RICHMOND, Va. -- Today nearly 150 area clergy across all denominational lines boarded five chartered GRTC buses to travel down the four major transportation corridors in the Metro. The clergy members said they wanted to get a feel for proposed changes to the public transportation system, after a plan was introduced to build a Broad Street Bus-Rapid Transit system.
On board with the idea to bring rapid transportation options to the area is bus rider Patricia Rogers, who moved to Richmond nine years ago after living in Raleigh.
"When I got to Richmond the energy here was so great," Rogers said.
But not so great--if you ask Rogers--are the public transit options for those traveling across the Metro.
"If you need to get somewhere quickly even though there's a bus transportation to it, it's not time-sensitive," Rogers said.
It's the push for a rapid system that led the dozens of clergy, around the area loading up on city buses earlier today.
"We are one city, Richmond, Henrico, Hanover and Chesterfield; we are one people, we are one people in work, we are one people in play, but we are not one people in transportation," clergy Ben Campbell said. "We need people to be able to get back and forth. Young people, old people, people who need to get to work."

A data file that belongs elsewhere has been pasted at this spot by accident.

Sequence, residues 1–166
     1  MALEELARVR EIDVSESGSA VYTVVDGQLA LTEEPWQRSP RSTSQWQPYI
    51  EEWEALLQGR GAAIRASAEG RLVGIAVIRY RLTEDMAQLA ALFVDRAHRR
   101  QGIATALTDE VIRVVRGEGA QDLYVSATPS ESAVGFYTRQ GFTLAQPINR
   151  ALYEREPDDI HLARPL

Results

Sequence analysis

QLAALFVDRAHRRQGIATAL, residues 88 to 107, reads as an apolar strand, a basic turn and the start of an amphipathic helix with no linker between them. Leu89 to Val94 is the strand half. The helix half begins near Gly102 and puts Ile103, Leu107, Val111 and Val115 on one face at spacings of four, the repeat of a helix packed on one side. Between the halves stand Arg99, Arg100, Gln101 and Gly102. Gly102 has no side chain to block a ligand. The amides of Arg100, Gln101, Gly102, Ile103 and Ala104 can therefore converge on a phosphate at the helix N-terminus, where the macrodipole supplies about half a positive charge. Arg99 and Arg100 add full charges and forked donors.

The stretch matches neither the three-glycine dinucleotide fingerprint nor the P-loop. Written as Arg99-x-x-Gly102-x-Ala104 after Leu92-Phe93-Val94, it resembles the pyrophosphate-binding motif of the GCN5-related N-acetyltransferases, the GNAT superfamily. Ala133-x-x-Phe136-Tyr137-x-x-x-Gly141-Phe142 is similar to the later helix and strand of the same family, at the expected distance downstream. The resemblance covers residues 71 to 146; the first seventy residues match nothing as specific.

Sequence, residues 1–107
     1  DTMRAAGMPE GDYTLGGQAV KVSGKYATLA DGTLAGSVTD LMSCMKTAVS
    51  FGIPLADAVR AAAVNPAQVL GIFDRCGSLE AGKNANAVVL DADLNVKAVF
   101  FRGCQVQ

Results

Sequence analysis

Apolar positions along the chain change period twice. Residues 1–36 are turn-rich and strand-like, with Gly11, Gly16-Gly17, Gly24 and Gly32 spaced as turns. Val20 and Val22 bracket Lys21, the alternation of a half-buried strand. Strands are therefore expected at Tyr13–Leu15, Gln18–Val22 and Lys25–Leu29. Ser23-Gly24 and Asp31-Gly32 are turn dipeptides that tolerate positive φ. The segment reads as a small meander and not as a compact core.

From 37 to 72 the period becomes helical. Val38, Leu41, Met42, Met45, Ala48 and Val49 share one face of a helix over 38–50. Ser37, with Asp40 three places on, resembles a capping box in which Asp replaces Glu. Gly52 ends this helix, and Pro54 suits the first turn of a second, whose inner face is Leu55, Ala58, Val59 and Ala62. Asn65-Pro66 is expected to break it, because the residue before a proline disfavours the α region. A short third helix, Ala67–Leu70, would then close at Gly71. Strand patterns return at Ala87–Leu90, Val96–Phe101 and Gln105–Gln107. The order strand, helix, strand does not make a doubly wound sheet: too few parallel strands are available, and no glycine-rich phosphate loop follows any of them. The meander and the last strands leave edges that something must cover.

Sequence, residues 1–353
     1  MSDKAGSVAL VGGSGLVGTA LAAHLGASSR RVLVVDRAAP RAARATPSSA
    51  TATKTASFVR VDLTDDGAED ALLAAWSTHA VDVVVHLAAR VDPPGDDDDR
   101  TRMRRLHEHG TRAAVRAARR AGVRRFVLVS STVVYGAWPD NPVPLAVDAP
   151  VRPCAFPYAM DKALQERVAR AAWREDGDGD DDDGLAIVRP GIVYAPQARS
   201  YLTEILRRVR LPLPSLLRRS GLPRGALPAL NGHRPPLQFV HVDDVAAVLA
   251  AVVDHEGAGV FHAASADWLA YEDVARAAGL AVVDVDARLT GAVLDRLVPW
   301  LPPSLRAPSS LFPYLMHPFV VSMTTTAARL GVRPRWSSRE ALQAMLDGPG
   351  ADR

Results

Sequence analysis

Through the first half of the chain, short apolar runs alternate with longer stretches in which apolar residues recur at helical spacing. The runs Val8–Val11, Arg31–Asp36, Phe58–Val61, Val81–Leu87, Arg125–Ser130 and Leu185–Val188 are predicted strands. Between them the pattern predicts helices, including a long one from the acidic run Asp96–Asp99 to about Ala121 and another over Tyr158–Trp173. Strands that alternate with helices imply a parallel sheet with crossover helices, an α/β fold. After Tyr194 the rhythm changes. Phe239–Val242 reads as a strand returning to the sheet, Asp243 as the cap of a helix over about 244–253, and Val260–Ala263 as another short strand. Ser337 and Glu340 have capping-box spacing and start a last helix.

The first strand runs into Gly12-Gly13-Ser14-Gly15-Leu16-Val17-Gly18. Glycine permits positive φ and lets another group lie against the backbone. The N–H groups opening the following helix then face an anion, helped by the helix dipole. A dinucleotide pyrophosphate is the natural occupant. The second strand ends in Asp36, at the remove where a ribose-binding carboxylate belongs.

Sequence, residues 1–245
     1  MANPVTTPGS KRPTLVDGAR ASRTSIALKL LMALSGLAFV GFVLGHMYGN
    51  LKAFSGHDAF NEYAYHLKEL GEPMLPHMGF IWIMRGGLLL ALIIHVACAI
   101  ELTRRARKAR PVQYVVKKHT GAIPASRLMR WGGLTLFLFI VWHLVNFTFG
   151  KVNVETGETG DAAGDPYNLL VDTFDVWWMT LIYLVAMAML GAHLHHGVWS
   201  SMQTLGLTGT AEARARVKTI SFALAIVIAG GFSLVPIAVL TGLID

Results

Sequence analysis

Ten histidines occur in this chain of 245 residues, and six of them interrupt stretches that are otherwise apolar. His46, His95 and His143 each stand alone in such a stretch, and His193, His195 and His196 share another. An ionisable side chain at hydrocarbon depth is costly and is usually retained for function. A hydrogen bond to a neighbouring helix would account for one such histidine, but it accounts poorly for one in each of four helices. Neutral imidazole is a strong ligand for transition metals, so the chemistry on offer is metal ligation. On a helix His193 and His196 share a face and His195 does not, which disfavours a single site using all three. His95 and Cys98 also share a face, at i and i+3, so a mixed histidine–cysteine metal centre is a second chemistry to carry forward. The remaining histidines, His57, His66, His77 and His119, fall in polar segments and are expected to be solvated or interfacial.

In fact many in the faith-filled community believe an investment in better public transportation will move the economy forward.
"There's an infrastructure that can address poverty and even homelessness if we can provide linkages that will allow people access to meaningful employment," clergy John Kinney said.
Rogers suggested a "shakeup" may be needed from the outside to get things moving.
"They might need a competition, you know somebody that will come in and do what they are not doing," Rogers said.
Meanwhile, Rogers along with the dozens of clergy members were not only riding for change today but they are praying for it as well.
Click here for more on the rapid transit plan.